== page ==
Perhaps this is more severe in Hawaii where it is likely that a higher percentage of tech jobs are at non-tech companies.

Jake G. said:
I would like to add an experience I had at my first company right after graduating UH.
I took a IT Support Job with a Local construction company that would better be described as a Sys admin position. I was right out of college and I remember during my interview the IT manager saying "Hawaii jobs pay less than mainland jobs". I was very green and took a really low salary offer, cause what did I know back then. After a few months I was basically MOTU after the sys admin quit. About a year later we brought in a new guy. After he quit within the first 2 months and I found out he was making 60K. He was no better than I was and his job title was the same. So you can imagine how stupid I felt after all the hard work and 60hr work weeks I put in. When I brought this up to the manager his only response was that I should be more humble and wait for pay raises, not ask for one. So I shut up, worked for another year and eventually decided to leave.

My point is, I have personally seen this excuse in action. It really boils down to how much the employer thinks they can take advantage of you. They will fish for someone by making low-ball offers instead of paying a fair rate. Eventually someone with accept. Really, all this leads to is unmotivated, non-loyal employees, and a high turnover rate in my opinion. I believe if you take care of your employees you have a better chance to have a successful company or department. Unless you are hurting financially I would stand strong by your salary requirement. If you think you should make 65K/yr and everyone is only offering you 45K year then you are either applying for the wrong companies or you have not convinced them you are worth that amount. If you are a hard worker then show it.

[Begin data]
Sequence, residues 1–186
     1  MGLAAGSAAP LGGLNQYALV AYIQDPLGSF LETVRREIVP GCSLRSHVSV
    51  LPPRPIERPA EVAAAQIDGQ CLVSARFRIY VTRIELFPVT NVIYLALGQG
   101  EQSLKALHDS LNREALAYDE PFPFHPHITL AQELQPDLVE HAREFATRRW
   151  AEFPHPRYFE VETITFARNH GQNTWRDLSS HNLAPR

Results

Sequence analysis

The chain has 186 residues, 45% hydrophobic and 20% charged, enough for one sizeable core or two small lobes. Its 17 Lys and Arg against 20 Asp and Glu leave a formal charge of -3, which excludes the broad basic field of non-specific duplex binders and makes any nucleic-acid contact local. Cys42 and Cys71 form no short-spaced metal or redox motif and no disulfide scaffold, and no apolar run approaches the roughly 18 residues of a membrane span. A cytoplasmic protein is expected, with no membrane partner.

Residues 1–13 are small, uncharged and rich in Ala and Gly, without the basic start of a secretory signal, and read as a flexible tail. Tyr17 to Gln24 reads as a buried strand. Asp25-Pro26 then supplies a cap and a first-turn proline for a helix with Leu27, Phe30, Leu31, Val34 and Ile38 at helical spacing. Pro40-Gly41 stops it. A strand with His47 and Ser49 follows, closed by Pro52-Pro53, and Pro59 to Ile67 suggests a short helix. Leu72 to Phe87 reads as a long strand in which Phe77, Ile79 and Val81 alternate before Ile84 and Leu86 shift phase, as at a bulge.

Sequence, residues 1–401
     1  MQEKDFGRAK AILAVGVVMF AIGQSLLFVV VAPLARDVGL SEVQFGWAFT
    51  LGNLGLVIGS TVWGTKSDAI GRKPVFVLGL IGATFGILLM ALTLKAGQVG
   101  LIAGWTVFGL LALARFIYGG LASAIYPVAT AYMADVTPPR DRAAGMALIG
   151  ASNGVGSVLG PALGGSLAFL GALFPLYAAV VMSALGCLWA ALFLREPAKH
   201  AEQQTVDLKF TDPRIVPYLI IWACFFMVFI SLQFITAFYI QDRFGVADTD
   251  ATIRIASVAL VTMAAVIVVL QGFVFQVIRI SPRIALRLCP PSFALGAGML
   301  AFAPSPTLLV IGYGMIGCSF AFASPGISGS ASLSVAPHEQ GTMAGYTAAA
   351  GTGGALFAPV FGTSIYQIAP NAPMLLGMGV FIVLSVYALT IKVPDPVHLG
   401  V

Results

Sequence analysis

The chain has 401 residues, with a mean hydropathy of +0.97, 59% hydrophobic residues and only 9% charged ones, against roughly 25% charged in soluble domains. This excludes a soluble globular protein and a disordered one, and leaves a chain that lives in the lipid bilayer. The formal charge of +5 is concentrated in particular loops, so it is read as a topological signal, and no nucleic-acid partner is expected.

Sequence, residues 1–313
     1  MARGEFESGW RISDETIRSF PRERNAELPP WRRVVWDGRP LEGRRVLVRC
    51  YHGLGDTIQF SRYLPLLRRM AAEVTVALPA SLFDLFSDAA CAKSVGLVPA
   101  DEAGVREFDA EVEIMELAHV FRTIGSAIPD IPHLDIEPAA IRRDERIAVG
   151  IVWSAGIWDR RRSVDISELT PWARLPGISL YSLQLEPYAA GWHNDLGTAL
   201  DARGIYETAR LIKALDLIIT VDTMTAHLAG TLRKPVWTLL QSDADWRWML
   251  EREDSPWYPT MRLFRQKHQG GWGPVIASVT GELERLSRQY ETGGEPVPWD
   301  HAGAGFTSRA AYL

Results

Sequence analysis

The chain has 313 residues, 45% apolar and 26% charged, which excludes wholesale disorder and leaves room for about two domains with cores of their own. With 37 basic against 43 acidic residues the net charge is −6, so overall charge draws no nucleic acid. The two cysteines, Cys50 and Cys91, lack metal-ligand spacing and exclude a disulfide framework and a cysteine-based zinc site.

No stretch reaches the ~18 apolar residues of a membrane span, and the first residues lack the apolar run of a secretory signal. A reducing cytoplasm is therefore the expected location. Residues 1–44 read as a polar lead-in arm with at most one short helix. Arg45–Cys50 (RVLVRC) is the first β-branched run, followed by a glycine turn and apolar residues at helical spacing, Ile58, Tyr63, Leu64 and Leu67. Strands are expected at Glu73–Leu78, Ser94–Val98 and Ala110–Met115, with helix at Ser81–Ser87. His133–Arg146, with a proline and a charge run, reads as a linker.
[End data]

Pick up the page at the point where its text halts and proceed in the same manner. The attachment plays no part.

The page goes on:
I am going through this same process as you and all I can say is don't give up and don't sell yourself short. Eventually you will find a position you like.
Jake G. and John, I think you guys have hit my point right on the nose. Companies in Hawaii do know take advantage of their employees and use the excuse of this is Hawaii and thus salaries here are just lower than the mainland. Yes, it is the NON-tech companies that are doing that. I have noticed the tech companies here are trying to solidify the standards but there aren't enough of them and none of them are successful enough to be very well known except within the tech community.

What Hawaii needs is a tech company to explode with success like a Google, eBay, Amazon, and a few smaller successful companies like Zappos. With successful and well known tech companies in Hawaii, it will force all companies to almost match the salaries and treatment of their tech employees for fear they will just leave and go work for one of those successful tech companies.
I hate to burst your bubble, but if Hawaii did generate a company as successful as Google, et al, it would be forced to relocate to the mainland. There is no way you could hire enough engineers in Hawaii. In the four years after Google's IPO they went from a little over 2,000 employees to over 16,000 employees. The supply isn't here locally and it is virtually impossible to pull those kinds of numbers from the mainland.